A new antenna for old friends: celebrating 55 years of AUS-US space communication

By CSIRO

26 February 2015

3 minute read

NEW VISTAS: Deep Space Station 35 will operate for many decades. We can only begin to imagine what future discoveries it might make. Credit: Adam McGrath

NEW VISTAS: Deep Space Station 35 will operate for many decades. We can only begin to imagine what future discoveries it might make. Credit: Adam McGrath

It’s been a momentous couple of days in the history of Australian space exploration. Just yesterday, the newest antenna in NASA’s Deep Space Network was officially commissioned at our Canberra Deep Space Communication Complex, five years to the day from its original ground breaking ceremony.

DAY OR NIGHT: Deep Space Station 35 will be operating 24/7 to help make discoveries in deep space.

DAY OR NIGHT: Deep Space Station 35 will be operating 24/7 to help make discoveries in deep space.

The new dish, Deep Space Station 35, incorporates the latest in Beam Waveguide technology: increasing its sensitivity and capacity for tracking, commanding and receiving data from spacecraft located billions of kilometres away across the Solar System.

The Canberra Complex is one of three Deep Space Network stations capable of providing two-way radio contact with robotic deep space missions. The Complex’s sister stations are located in California and Spain. Together, the three stations provide around-the-clock contact with over 35 spacecraft exploring the solar system and beyond. You may remember this technology being utilised recently for the Rosetta and Philae comet landing; and for communicating with the ever so far-flung New Horizons spacecraft on its journey past Pluto.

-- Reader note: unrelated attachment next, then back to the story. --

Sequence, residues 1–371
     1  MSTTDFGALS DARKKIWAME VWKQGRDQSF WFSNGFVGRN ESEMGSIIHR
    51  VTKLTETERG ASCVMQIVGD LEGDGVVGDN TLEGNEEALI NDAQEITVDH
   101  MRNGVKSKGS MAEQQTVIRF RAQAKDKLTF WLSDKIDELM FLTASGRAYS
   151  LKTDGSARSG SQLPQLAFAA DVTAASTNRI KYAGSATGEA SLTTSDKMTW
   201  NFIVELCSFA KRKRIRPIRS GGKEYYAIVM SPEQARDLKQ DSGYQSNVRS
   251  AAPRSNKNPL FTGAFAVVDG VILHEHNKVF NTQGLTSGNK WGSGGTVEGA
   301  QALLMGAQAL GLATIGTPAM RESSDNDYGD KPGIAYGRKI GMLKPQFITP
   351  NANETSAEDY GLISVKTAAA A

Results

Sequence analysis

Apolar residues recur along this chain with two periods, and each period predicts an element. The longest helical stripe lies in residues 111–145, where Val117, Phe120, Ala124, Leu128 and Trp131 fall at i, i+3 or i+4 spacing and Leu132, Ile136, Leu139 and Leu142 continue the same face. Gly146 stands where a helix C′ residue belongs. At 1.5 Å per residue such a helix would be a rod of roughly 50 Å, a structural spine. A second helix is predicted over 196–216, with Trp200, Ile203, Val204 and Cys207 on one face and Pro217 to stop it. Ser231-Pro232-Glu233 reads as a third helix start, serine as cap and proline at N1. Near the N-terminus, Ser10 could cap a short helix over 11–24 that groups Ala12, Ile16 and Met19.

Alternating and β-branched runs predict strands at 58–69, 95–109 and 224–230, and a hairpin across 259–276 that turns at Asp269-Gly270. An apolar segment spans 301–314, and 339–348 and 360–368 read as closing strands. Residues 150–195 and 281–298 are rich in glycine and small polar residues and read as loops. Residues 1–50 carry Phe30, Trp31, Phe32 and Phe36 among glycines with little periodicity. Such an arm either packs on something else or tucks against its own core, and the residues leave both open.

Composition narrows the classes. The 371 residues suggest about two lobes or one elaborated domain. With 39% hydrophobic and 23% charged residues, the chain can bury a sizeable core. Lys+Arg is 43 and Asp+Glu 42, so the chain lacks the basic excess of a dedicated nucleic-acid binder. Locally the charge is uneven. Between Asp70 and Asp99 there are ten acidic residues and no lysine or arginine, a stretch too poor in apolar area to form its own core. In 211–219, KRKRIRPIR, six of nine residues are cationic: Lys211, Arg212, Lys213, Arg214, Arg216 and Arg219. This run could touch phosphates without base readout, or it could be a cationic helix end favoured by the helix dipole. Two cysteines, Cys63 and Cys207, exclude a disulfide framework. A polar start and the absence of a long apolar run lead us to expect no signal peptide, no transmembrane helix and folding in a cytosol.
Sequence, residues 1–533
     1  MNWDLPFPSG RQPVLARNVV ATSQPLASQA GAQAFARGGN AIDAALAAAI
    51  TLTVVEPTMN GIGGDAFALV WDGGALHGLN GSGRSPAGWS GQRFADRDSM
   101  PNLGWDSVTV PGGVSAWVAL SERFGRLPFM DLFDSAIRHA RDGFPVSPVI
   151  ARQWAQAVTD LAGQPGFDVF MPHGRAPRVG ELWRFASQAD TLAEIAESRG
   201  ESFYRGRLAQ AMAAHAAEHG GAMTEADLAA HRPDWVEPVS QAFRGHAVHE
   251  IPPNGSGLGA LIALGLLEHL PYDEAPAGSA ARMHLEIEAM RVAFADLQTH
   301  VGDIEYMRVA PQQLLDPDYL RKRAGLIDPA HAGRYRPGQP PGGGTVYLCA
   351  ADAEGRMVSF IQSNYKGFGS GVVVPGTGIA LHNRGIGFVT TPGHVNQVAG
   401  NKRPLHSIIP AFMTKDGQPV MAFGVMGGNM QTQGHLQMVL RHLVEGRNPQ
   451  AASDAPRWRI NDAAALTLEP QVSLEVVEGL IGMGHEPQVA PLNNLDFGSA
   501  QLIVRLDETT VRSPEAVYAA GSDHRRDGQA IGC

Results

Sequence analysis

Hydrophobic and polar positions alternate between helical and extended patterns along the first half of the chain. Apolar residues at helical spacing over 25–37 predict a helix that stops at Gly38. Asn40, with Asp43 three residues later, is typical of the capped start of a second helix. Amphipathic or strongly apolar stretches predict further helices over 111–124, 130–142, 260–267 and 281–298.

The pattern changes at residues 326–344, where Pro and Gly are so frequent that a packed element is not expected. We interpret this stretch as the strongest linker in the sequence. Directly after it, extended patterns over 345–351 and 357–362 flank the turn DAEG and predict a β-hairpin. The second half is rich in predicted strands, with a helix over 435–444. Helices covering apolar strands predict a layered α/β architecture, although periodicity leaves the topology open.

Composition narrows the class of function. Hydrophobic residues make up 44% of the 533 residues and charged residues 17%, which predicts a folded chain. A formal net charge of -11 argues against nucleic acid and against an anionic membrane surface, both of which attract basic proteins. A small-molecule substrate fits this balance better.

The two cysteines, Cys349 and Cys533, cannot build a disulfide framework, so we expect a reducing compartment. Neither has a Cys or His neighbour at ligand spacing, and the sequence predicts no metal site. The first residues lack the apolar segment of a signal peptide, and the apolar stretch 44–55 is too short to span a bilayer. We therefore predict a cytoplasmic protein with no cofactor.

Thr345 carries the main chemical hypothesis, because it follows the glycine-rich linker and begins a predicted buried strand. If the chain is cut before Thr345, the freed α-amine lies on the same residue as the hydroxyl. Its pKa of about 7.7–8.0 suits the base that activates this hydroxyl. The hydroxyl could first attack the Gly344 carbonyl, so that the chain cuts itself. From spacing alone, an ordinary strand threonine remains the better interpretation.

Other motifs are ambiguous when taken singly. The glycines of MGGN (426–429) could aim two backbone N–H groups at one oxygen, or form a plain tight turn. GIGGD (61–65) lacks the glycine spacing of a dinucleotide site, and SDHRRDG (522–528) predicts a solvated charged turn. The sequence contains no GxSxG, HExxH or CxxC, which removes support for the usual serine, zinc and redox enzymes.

"Does it get Channel two?"

“Does it get Channel Two?”

As a vital communication station for these types of missions, the new antenna will make deep space communication for spacecraft and their Earth-bound support staff even easier.

But don’t put away the space candles just yet. For today marks the 55 anniversary of the signing of the original space communication and tracking agreement signed between Australia and the United States, way back on the 26th February 1960.

It is a partnership that has that has led to many historic firsts and breakthrough discoveries – the first flybys of Mercury and Venus, the vital communication link and television coverage of the first Moonwalk, robotic rover landings on (and amazing views from) the surface of Mars, the first ‘close-ups’ of the giant outer planets and first-time encounters with worlds such as Pluto.

The first ever Moon landing: a momentous occasion, broadcast around the world thanks to the Australian-US partnership.

The first ever Moon landing: a momentous occasion, broadcast around the world thanks to the Australian-US partnership.

So, we say welcome to the newest addition to the Deep Space Network and happy birthday to our space-relationship with the US. Here’s to another fifty five years of success!

P.S. We couldn’t finish the blog without including this little gem:

A famous photobomb, taken during the antennae's construction.

A famous photobomb, taken during the antennae’s construction.